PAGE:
For its latest installment of the popular “Drive-In Double Feature” series, Dark Sky Films has paired together two action exploitationers from the late 1970s that definitely go well together and fit the typical grindhouse mold. "Hate and revenge go together like hand in glove."
SEARCH AND DESTROY begins with a darkly lit flashback to the Vietnam War in 1968, and quickly moves to Los Angeles of the present (being 1978) where a black janitor is murdered by an assailant with missing fingers. The action then moves to Niagara Falls, NY (where it remains for the rest of the film), and another fellow is discovered bloody and dead in the driver’s seat of his car. It seems the murderer is a Vietnamese man who views these veterans as the ones who were supposed to escort him to safety, but deserted him in the jungle during the war. Two more veterans from the same unit, Kip Moore (a bearded Perry King) and karate crazy Buddy Grant (Don Stroud) are then tracked down by the trigger happy and bitter foreigner. Buddy is seriously injured after a long chase and aggressive confrontation with the enemy, and Kip is now working with the police to try and track him down. But police protection can’t stop the killer from kidnapping Kip’s lady (Tisa Farrow) and he takes things in his own hands when it comes time to rescue her and confront the rogue who did in his old army buddies.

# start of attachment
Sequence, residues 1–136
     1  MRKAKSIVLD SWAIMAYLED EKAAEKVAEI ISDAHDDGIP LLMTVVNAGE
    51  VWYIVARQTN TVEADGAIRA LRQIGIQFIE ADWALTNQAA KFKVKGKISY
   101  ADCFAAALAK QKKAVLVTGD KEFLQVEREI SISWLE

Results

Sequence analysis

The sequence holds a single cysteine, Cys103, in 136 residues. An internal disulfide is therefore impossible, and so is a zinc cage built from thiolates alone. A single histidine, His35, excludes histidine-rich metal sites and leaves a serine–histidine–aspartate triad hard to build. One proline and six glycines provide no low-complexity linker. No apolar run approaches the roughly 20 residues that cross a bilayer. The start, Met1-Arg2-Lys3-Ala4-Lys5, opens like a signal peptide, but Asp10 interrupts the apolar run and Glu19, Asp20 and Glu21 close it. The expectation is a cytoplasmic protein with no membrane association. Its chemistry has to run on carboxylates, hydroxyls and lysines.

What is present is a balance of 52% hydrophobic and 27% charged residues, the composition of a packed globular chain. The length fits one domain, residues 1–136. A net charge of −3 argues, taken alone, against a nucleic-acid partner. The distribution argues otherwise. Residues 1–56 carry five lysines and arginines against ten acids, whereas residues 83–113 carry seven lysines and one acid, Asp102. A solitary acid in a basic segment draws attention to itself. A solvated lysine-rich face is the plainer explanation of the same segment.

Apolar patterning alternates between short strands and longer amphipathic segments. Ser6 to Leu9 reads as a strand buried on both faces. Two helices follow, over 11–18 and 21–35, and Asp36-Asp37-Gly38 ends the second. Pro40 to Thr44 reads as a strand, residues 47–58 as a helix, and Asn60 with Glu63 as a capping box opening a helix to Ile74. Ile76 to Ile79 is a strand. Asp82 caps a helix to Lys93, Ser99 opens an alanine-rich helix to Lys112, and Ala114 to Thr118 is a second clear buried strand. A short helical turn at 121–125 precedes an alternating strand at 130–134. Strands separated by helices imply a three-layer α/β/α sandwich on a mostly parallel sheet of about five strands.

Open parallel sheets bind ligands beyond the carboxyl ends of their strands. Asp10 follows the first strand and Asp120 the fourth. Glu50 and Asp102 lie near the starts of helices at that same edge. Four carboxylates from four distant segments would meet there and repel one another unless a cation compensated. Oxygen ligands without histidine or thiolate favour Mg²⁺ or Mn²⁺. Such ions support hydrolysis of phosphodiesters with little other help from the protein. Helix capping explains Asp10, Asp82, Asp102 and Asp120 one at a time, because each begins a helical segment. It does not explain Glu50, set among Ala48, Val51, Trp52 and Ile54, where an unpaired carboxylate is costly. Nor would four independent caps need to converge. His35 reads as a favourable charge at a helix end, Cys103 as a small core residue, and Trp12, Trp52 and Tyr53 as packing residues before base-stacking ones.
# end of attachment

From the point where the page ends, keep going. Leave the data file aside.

A Canadian production, SEARCH AND DESTROY carries the basic revenge plot of a bitter foreigner on American soil, going after a group of individuals who are basically the good guys and now have to act like their back in the war. William Fruet (who directed the much better THE LAST HOUSE ON THE LAKE/DEATH LAKE years earlier) pads out the thin storyline with a number of endless pursuits and a lesser amount of fight sequences, and all this hokum is made watchable by an above average cast, headlined by a pre-“Riptide” Perry King and the cult favorite Don Stroud, who here still looks like he just stepped out of an AIP biker film. George Kennedy (if I had a dime every time he played a cop!) is the police lieutenant not used to such chaos in peaceful Niagara Falls, and his line about the tourists there wanting see their murders done on television is pretty priceless. Hardly speaking a word of dialog, Park Jong Soo (who resembles a third-rate martial arts hero) is a pretty dull villain, and Tisa Farrow has very little to do except be a damsel in distress, but it’s good to see her in something that wasn’t made in Italy for a change. Niagara Falls itself is a sight to behold in the late 1970s, highlighted by several wax museums (look quickly for a wax dummy of Telly Savalas as “Kojak”) and other amusing attractions, and this is probably one of the few films to capture it during that period. Also look for a scene cribbed directly from BUTCH CASSIDY AND THE SUNDANCE KID during the climax!